The 10 Biggest Insurance Mistakes Americans Make
The 10 Biggest Insurance Mistakes Americans Make
Insurance is the last thing most people want to think about. Your eyes are probably already glazed over just from reading this title. Who in their right mind wants to mull over their finances, sift through unfamiliar jargon, and face piles of insurance-related paperwork? This general disdain for everything insurance-related causes many Americans to fa
ll into some common traps — traps that can be avoided if you know to look out for them. Read on, and you'll be prepared for worst-case scenarios and intimidating insurance salesmen.
Getting the most basic coverage
Whether it's car insurance or life insurance, you're going to want to cover more than just the basics. Many people get a low level of coverage on their autos because it is all that is required by their state. While you may be driving legally with the basic insurance, you are barely covered. Liability limits are likely lower, which means that you may have to come up with a large chunk of change if you damage someone else's property. You also might be without medical coverage or uninsured motorist coverage. In terms of life insurance, many people just buy enough to cover bills and funeral costs if they die, but they don't consider the financial impact their death would have on the family's income. You want to make sure your loved ones can survive for several years if they lose your salary.
Not shopping around
No one wants to spend a lot of time thinking about insurance. It's boring and complicated and forces you to think about the worst-case scenario. So you might be tempted to just find a policy, buy it, and be done with the whole ordeal. Doing this, though, could cost you thousands of dollars because insurance rates definitely vary. One company might quote you $1,500, while another will come in at $3,500. Which would you want to pay? With easy comparison websites, shopping around won't take too long, and you'll be glad in the end that you checked out all your options.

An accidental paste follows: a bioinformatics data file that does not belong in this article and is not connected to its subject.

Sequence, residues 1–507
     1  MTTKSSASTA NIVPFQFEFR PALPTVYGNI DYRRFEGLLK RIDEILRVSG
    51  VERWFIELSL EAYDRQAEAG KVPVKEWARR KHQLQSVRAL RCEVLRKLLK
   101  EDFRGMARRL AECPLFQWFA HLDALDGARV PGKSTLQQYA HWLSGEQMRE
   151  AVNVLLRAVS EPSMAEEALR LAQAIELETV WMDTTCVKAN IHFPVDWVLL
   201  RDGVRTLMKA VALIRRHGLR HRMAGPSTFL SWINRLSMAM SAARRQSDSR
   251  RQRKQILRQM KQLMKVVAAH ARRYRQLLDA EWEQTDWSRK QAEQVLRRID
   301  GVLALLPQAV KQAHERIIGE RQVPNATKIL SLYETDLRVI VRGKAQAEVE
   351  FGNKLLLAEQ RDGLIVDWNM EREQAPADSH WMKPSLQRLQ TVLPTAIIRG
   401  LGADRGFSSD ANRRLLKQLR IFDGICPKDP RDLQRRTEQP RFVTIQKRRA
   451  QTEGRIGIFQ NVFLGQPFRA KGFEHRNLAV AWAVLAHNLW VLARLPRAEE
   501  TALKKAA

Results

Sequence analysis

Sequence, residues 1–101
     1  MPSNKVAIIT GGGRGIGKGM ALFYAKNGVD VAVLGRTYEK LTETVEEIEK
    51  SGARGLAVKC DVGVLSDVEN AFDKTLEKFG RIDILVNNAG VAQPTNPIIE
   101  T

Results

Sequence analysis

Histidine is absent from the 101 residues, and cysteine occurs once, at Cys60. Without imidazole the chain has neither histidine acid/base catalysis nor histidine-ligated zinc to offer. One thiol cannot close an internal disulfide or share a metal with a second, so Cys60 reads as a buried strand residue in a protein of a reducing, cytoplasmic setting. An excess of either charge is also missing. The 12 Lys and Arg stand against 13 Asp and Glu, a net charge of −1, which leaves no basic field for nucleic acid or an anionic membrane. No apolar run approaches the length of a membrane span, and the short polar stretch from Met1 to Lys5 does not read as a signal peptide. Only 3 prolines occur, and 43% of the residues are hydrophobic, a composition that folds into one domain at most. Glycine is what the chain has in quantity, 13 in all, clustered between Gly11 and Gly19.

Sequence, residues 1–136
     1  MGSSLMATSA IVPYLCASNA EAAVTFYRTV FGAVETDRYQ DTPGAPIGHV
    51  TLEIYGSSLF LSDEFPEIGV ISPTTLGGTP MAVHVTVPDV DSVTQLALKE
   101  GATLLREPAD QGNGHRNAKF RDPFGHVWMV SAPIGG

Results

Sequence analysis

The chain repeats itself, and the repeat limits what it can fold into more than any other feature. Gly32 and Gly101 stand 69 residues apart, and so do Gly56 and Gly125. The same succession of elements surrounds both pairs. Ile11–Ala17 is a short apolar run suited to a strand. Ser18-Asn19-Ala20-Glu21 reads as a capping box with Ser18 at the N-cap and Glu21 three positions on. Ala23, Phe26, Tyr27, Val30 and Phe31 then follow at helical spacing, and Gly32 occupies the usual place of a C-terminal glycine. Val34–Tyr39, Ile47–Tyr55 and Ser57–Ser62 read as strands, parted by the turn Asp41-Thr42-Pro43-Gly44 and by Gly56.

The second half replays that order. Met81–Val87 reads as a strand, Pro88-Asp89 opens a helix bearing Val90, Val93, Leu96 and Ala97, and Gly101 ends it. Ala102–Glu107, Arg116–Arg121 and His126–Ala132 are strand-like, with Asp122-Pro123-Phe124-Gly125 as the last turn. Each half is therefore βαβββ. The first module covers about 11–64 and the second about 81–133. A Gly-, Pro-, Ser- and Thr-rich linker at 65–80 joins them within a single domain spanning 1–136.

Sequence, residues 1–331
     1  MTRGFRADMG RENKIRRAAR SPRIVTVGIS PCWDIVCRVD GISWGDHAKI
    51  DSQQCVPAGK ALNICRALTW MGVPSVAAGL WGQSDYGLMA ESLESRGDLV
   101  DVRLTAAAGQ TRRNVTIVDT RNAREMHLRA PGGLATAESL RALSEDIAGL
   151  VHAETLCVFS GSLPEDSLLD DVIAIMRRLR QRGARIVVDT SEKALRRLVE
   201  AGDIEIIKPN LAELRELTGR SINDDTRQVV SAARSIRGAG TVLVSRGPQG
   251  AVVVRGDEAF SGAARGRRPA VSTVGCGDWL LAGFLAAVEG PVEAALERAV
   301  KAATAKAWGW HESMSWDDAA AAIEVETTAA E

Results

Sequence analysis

Buying unnecessary policies
If you're especially paranoid or you just get a really persistent, doomsday insurance agent, you might find yourself wanting to buy every type of insurance out there. Better safe than sorry, right? Maybe not in this case. You could be sorry when you find out that the return on the policy isn't really worth the money you're putting into it. Taking out life insurance on a child, for example, isn't needed because the death of a child won't eliminate a source of income for your family. Other types of insurance might apply to events that are already adequately covered by other policies or organizations, such as rental car insurance, something that's often taken care of by your regular insurance, and credit card loss insurance, which is unnecessary because banks limit your liability on stolen cards.
Underinsuring their homes
As many as 2/3 of American homes are underinsured, meaning that the owners can lose lots of money if their homes are ever damaged or destroyed. What you'll want to consider when insuring your home is what it would cost to reconstruct it. These reconstruction costs are different than market value, which is the amount many people assume they should insure their house for. Reconstruction costs could be much higher than the market value of your home because there's significant inflation on building materials. Reconstruction contractors may cost more, and demolition and debris removal can add to the price tag. Keep all of these things in mind when buying your home insurance policy so you don't end up footing a much bigger bill than you can handle.
Leaving out non-monetary "income"